Shares in Tesco rose over 5% early on Tuesday morning (14 November), after the Competition and Markets Authority (CMA) gave the green light to the group's proposed £3.7bn ($4.8bn) takeover of cash-and-carry group Booker.

In July, the competition watchdog launched a full-scale investigation into the proposed merger, citing concerns that in more than 350 local areas "shoppers could face worse terms when buying their groceries".

However, it has since ruled that Britain's largest retailer and Booker, which owns convenience chains such as Londis and Budgens, are not direct rivals in most areas of their business.

"Millions of people use their local supermarket or convenience store to buy their groceries or essentials. Strong competition in the market ensures that shoppers can choose the best deal for them," said Simon Polito, chair of the inquiry group.

"Our investigation has found that existing competition is sufficiently strong in both the wholesale and retail grocery sectors to ensure that the merger between Tesco and Booker will not lead to higher prices or a reduced service for supermarket and convenience shoppers."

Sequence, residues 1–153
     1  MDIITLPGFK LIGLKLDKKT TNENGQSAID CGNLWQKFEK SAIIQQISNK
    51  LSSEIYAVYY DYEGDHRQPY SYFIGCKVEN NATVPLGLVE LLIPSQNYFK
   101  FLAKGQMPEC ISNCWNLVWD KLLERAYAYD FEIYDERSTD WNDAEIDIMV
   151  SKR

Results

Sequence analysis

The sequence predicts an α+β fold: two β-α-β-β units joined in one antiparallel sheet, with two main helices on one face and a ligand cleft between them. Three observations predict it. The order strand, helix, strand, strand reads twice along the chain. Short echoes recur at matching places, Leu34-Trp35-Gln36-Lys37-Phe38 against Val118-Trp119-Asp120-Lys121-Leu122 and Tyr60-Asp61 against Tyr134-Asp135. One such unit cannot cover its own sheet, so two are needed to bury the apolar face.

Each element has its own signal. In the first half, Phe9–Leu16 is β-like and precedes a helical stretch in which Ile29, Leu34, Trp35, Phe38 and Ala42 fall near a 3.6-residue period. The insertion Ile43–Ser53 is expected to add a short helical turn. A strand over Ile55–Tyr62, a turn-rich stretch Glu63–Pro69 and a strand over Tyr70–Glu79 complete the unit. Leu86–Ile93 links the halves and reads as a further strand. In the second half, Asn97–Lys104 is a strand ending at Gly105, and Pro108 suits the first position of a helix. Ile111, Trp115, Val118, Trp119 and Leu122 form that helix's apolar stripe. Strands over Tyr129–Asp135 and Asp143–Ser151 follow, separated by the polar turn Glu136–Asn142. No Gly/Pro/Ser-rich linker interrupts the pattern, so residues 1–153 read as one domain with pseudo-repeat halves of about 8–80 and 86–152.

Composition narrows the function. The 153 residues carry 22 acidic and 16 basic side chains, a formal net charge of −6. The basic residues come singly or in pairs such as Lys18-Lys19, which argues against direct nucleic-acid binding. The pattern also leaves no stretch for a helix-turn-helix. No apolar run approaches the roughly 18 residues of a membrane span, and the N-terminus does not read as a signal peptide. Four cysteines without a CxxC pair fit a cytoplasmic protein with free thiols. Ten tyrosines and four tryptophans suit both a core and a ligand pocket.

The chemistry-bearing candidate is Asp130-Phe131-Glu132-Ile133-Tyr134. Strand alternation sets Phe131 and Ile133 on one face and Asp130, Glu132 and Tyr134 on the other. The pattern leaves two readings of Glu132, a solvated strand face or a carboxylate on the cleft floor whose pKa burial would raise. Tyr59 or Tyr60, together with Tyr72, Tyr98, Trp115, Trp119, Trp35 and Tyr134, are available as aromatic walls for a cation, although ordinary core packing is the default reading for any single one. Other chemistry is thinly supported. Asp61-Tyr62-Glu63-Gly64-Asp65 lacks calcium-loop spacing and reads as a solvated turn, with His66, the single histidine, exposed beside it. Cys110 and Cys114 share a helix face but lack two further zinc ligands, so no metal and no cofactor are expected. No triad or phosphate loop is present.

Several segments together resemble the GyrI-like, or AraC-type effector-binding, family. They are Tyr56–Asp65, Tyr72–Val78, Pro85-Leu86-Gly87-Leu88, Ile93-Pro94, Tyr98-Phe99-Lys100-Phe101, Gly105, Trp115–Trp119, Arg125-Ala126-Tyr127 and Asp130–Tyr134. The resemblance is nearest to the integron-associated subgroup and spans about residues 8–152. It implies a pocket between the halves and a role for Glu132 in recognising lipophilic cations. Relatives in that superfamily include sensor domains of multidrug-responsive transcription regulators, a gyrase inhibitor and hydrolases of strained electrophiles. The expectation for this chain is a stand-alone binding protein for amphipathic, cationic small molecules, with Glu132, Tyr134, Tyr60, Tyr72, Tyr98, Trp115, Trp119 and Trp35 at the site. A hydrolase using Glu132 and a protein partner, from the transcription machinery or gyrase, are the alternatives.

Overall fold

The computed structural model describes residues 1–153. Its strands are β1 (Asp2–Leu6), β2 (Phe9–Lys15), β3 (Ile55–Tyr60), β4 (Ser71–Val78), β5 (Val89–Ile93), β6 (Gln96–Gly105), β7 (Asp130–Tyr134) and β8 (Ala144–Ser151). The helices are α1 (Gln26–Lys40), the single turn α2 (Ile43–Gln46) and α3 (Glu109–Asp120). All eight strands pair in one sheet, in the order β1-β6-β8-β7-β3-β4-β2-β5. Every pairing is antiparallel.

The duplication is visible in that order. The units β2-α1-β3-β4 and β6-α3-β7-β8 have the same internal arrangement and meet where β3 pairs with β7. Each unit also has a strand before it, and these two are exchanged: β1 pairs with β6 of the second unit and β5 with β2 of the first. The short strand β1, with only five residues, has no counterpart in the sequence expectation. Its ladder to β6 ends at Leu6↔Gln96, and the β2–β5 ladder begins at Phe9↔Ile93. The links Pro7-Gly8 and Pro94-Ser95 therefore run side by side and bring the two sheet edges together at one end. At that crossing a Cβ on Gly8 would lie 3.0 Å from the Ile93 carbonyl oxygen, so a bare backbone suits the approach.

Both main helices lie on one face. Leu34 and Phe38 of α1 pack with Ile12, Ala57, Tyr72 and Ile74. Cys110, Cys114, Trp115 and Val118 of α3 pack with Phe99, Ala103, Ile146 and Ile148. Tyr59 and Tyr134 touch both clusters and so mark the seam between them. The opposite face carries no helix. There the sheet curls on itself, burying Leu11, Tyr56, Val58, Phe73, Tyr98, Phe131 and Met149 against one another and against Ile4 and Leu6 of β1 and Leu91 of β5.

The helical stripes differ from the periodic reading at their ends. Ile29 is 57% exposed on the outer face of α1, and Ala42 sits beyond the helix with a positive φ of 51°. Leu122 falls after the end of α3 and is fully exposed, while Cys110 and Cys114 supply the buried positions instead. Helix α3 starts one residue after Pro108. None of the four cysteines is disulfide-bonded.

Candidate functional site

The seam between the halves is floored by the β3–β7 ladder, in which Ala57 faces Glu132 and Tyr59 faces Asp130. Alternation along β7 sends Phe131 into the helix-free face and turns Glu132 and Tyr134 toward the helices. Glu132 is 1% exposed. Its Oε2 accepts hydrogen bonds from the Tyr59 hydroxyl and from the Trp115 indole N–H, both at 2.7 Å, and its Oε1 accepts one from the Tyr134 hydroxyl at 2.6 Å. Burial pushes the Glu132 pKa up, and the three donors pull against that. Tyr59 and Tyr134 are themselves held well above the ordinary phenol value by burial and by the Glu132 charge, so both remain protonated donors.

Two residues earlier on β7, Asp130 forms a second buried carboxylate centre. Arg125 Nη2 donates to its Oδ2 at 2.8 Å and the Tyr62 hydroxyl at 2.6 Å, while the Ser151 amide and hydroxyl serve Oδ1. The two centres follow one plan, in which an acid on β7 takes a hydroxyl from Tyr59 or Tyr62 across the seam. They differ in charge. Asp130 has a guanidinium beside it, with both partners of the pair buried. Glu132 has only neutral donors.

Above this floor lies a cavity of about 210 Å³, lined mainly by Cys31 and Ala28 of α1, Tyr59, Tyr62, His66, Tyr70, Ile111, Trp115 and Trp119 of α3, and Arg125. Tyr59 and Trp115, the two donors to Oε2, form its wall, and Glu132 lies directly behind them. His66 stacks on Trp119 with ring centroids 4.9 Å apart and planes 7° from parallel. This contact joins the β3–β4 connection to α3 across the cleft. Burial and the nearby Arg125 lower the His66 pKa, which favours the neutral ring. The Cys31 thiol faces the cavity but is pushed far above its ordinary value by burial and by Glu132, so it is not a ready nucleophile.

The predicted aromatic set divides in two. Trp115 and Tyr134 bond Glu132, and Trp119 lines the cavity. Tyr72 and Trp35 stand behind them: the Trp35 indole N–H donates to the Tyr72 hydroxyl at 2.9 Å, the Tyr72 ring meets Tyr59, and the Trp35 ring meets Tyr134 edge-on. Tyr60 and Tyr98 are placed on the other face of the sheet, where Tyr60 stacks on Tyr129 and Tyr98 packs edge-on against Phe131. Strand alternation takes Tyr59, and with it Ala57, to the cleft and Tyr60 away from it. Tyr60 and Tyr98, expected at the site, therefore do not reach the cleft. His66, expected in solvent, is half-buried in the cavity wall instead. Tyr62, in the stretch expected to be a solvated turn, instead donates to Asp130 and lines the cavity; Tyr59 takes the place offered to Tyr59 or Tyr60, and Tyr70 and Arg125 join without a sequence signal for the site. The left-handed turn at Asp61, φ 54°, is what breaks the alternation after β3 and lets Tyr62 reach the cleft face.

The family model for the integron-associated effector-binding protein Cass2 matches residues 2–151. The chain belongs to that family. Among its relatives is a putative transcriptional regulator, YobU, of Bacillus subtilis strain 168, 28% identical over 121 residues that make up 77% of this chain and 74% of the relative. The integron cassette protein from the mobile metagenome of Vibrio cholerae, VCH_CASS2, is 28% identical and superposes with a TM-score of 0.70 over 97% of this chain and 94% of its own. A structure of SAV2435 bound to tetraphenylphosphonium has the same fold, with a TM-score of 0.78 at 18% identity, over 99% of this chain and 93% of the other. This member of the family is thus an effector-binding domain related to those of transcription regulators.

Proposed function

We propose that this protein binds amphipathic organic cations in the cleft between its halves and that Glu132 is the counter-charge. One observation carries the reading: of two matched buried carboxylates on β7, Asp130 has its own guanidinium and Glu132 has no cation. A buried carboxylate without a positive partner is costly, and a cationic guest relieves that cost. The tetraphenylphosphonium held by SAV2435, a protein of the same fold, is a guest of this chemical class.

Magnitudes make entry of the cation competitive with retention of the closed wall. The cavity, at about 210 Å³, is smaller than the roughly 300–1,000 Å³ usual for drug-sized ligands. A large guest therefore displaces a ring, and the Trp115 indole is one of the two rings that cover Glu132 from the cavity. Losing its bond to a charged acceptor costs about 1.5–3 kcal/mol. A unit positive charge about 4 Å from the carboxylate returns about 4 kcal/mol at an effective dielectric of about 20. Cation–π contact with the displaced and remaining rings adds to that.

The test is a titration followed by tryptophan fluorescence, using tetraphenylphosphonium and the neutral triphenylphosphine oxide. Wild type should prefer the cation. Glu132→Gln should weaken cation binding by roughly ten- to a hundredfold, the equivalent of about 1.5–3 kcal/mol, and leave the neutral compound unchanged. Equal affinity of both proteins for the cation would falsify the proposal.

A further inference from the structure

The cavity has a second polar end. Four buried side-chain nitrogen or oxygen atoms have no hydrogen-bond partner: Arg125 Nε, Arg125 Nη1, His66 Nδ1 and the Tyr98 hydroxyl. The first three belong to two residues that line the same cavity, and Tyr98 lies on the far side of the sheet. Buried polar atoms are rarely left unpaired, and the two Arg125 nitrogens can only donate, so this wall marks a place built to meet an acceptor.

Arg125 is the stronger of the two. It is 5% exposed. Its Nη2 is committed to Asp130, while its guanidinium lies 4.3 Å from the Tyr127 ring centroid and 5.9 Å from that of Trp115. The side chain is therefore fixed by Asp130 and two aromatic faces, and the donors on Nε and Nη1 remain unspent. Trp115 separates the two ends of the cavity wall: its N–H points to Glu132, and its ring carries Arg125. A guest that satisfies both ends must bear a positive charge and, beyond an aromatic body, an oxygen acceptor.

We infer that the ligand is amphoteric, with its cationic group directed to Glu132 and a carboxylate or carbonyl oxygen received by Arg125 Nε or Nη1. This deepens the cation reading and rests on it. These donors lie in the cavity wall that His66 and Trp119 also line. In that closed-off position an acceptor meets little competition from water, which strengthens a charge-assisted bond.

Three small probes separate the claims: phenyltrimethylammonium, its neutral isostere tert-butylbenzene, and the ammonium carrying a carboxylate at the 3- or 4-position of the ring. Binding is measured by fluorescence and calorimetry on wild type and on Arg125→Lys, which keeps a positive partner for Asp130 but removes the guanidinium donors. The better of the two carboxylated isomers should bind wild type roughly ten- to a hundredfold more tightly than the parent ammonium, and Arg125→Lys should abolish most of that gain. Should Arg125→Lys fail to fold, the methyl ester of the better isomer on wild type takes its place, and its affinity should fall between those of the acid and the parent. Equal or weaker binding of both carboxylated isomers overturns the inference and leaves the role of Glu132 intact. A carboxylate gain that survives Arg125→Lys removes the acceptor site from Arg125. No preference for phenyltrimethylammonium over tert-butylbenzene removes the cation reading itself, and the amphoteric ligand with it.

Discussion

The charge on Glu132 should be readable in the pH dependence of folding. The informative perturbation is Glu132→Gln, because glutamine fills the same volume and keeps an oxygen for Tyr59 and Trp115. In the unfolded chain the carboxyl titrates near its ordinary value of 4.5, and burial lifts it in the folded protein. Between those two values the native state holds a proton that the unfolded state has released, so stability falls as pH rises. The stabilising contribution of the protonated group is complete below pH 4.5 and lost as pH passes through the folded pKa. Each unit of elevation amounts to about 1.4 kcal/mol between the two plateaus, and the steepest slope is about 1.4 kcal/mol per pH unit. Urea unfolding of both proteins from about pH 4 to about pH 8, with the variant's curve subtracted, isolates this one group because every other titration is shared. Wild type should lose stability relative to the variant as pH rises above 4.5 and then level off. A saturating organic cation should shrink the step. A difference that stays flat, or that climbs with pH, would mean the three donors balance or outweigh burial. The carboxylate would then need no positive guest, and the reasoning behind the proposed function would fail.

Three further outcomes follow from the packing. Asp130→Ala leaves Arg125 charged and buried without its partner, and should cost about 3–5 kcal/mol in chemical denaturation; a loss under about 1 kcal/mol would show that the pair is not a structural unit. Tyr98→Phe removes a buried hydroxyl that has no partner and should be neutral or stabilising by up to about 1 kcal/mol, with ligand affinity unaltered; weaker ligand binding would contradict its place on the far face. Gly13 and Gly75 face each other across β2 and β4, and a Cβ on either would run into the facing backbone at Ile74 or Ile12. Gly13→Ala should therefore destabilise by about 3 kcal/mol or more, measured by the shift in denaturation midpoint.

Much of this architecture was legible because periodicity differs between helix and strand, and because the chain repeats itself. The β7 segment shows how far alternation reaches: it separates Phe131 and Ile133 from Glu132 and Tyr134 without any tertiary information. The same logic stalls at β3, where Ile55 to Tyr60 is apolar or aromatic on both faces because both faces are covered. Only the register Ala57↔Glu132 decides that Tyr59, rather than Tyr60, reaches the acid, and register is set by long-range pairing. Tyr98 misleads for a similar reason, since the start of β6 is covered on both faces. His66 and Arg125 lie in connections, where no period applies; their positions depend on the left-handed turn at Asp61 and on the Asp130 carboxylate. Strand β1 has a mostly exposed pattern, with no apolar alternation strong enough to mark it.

A group of independent CMA panel members considered the possible implications of the merger in every local area where a Tesco store and a Booker-supplied shop were present, totalling over 12,000 shops.

The watchdog established that there was enough competition, both within the retail and the wholesale market, to guarantee the deal would not result in reduced service or higher prices for consumers.

"We look forward to creating the UK's leading food business, bringing together our combined expertise in retail and wholesale," Tesco said in a statement.

"This merger has always been about growth, and will bring benefits for independent retailers, caterers, small businesses, suppliers, consumers, and colleagues."

In March, Tesco's two biggest shareholders expressed opposition to the company's proposed takeover of Booker, saying the deal is overpriced.

Schroders and Artisan Partners, which both own a 4.5% stake in the retailer, wrote separately to Tesco chairman John Allan, urging him to cancel the takeover. The deal would value Booker, which supplies more than 5,000 stores across the UK, at 205.3p a share, a premium of 12% over its closing price of 183.1p a share on 26 January, the day before the deal was announced.